Fitch doesn't expect sharp property correction

Fitch doesn't expect sharp property correction
Fitch doesn't expect sharp property correction

Fitch Ratings does not expect a "sharp or subdued" correction in the housing market because economic growth and unemployment will remain "benign."

Fitch forecasts 2.7 per cent economic growth, 5.5 per cent unemployment and reliance on commodity exports as a possible source of volatility.

"High residential property prices and borrower indebtedness could also cause economic stress," the report concludes.

As part of a housing "stress test", the global credit rating agency recently calculated that the big four would suffer $24 billion in losses if house prices fell 43 per cent and defaults hit 13 per cent.

However, recoveries from lenders' mortgage insurers would cut the loss to about $19 billion.

It suggested the $1.3 trillion mortgage books of Australia's big four banks could withstand an Ireland-style correction in property prices but the lenders' ability to deal with second-order impacts remained uncertain.

"CBA would experience the largest losses under our analysis, followed by Westpac, reflecting these banks' larger exposures to Australian mortgages than ANZ and NAB," the agency said.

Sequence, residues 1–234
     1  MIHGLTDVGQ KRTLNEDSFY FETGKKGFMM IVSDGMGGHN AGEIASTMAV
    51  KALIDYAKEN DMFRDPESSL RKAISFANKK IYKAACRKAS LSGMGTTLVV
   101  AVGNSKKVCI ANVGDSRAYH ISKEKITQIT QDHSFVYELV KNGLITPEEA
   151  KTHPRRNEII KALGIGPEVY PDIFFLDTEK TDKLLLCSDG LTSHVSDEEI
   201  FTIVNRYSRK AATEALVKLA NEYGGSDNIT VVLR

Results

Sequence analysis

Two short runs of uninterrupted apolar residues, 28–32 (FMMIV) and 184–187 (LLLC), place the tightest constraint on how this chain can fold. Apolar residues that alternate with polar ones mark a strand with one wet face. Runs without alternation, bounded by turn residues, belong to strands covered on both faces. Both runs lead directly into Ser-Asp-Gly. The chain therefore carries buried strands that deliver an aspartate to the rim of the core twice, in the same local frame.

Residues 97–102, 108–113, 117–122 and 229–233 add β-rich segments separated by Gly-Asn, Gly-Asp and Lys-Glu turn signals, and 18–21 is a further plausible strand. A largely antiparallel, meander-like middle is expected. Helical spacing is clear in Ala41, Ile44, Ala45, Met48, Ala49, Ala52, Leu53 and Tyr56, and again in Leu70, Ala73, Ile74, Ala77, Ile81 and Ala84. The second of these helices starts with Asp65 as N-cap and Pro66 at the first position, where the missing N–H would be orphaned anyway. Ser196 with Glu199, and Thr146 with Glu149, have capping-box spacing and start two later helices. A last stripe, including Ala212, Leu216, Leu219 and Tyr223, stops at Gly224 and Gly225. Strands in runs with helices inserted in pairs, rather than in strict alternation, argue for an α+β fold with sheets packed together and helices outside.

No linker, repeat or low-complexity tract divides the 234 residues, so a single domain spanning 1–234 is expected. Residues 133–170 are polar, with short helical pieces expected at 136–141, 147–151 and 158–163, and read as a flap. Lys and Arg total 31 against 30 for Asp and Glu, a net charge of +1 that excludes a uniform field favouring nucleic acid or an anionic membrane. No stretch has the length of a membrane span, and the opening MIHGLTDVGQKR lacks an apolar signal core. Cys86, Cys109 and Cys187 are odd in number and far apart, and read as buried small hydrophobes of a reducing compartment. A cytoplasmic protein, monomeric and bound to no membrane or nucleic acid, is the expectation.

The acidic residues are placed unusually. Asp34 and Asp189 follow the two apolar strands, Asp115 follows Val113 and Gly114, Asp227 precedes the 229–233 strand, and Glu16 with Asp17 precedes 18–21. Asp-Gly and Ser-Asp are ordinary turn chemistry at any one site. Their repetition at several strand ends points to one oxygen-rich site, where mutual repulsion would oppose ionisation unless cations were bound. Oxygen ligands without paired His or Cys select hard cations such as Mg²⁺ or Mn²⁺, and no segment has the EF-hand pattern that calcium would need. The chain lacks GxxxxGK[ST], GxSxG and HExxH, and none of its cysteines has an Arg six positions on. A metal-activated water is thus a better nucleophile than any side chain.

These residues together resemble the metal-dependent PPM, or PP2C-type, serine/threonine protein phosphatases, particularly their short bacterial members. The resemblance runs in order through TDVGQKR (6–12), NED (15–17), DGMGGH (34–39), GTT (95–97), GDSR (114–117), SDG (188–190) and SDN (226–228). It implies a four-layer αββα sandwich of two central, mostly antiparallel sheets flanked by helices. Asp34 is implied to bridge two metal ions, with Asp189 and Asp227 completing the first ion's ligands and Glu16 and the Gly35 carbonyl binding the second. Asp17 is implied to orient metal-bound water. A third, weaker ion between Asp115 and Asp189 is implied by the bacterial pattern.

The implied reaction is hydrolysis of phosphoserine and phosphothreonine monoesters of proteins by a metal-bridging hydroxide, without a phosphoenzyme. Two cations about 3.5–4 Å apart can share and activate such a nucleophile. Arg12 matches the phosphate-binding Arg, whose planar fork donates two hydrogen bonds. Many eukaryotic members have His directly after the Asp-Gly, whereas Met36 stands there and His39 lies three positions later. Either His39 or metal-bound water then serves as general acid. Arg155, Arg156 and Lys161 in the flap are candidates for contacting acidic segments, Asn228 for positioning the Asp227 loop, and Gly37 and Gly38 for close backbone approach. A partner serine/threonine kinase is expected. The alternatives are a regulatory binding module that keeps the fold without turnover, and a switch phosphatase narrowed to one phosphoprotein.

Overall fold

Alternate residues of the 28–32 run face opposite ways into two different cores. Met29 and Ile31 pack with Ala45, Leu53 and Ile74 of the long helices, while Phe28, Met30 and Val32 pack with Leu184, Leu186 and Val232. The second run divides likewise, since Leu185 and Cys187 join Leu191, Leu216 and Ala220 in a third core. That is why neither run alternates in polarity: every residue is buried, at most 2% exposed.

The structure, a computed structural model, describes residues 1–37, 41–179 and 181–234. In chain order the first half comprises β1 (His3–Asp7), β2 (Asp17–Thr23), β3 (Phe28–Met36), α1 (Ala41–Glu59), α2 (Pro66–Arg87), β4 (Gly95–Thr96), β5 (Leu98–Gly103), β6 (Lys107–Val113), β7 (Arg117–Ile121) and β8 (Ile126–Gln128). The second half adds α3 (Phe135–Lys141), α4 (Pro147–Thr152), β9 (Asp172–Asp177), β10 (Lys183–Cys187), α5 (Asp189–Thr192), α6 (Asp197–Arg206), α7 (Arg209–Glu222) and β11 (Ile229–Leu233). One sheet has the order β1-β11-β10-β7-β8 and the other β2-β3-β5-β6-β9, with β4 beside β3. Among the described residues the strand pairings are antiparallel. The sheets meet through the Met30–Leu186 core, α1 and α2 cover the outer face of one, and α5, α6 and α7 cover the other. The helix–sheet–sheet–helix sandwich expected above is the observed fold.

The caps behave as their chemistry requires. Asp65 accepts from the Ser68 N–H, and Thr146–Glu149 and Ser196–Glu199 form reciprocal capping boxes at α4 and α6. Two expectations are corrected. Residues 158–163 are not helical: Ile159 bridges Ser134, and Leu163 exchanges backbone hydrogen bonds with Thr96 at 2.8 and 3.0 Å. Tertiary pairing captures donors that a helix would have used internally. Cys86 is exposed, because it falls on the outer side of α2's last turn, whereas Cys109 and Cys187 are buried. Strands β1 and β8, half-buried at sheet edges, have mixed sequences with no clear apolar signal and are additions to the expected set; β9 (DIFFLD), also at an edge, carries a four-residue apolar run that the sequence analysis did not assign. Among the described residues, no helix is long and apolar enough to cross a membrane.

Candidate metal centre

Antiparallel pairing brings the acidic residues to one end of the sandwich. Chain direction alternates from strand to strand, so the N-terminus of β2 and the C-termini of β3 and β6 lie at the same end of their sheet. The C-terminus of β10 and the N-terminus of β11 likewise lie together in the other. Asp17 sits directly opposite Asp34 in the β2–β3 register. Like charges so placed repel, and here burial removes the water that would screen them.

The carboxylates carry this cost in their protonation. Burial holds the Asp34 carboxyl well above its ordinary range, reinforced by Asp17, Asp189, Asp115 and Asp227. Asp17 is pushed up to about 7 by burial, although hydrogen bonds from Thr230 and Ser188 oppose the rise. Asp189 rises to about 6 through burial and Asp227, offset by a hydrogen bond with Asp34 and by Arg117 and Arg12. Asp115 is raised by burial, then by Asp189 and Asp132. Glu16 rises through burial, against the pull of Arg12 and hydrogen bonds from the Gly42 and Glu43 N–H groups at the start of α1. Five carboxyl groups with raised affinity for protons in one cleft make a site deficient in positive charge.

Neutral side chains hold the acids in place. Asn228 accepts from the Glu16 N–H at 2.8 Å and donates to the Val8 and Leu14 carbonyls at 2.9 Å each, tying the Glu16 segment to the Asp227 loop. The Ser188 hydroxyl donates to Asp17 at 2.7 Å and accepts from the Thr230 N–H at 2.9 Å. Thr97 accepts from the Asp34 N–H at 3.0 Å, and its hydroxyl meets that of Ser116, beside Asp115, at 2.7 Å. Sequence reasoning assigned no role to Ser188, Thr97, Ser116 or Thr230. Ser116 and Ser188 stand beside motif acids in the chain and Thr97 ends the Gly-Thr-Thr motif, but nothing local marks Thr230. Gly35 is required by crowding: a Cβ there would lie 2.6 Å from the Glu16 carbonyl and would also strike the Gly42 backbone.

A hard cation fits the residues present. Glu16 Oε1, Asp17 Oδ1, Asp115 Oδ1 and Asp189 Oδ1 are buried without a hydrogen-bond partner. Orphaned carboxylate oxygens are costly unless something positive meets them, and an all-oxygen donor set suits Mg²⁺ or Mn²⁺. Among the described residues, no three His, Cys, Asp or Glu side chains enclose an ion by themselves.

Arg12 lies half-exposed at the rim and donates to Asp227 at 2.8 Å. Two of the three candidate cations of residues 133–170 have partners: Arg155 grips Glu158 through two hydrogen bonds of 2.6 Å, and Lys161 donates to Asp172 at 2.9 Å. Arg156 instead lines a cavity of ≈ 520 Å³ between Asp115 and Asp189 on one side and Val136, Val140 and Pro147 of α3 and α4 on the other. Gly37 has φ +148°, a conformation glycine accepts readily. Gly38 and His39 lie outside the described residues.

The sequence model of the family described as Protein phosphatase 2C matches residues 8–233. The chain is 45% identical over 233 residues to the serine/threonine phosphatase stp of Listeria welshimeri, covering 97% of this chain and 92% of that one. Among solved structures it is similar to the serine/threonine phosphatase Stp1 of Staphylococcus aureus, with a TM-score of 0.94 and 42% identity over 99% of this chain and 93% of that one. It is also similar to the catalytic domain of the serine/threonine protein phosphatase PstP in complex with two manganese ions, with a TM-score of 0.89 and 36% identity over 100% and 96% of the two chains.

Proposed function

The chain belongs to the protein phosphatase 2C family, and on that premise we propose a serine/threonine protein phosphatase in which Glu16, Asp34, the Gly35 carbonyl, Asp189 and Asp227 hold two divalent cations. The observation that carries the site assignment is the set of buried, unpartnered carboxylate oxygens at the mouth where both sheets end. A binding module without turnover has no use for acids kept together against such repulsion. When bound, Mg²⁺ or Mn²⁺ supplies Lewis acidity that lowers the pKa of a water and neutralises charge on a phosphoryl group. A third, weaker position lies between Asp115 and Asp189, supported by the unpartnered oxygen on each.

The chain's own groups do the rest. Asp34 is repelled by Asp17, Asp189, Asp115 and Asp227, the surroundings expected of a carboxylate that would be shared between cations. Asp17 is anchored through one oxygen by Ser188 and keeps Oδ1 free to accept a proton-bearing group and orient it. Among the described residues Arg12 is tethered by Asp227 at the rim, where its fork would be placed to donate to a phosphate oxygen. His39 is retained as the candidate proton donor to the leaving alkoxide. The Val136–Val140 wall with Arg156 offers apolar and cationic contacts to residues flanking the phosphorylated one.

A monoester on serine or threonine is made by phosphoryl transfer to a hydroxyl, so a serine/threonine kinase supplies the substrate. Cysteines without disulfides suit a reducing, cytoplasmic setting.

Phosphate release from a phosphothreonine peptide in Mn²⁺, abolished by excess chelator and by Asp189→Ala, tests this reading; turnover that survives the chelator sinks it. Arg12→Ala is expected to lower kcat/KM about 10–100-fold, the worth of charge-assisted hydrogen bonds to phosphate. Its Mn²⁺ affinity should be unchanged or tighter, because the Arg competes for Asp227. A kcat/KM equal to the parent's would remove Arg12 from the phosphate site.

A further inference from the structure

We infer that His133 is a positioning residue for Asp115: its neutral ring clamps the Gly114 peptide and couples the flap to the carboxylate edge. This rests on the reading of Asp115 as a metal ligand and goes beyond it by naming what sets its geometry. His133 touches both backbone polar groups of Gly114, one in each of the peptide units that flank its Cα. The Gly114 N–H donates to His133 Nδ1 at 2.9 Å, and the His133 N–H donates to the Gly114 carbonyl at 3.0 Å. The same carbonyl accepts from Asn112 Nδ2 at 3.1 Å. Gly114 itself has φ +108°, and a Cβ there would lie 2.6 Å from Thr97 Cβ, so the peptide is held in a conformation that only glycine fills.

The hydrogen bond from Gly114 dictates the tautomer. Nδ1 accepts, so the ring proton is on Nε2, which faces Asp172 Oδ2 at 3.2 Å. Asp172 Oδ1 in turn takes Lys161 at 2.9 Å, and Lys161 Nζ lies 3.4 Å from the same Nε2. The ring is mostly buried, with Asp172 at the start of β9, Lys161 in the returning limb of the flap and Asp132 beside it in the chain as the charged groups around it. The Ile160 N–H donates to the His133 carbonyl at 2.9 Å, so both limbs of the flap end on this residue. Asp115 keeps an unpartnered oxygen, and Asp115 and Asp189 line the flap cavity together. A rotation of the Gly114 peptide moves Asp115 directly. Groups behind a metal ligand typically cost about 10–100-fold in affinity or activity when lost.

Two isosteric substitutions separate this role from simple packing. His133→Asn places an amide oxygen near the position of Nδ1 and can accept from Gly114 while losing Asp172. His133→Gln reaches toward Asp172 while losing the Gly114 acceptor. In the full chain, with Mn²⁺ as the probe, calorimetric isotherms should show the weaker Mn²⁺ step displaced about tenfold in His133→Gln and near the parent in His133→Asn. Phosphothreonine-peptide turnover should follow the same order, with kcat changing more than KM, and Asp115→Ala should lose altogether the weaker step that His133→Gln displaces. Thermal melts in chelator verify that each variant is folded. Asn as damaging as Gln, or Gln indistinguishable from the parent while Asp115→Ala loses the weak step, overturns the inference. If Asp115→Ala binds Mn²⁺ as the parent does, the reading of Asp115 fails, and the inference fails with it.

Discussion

Fitch's forecast for Australian economic growth came as the Reserve Bank of Australia warned that high domestic debt makes households more sensitive to changes in income and interest rates.

It estimated households should be able to afford a mortgage rate "well more than 2 per cent higher than it is currently".

The most probable source of an economic shock would be external, Fitch suggests.

"A rapid increase in the unemployment rate remains the most likely driver of a significant housing market correction, although sharply higher interest rates would also pressure some borrowers – given the level of household debt."

The agency said another risk was the rollover of $480 billion of interest-only loans over the next three years.

Fitch foresees a further tightening of underwriting standards, given the increased scrutiny of the Hayne royal commission, which could affect the housing market. 

"This will probably result in a further decline in the maximum amount many borrowers can obtain from a bank, and could have an adverse impact on house prices as a result."

Housing Markets Housing Boom

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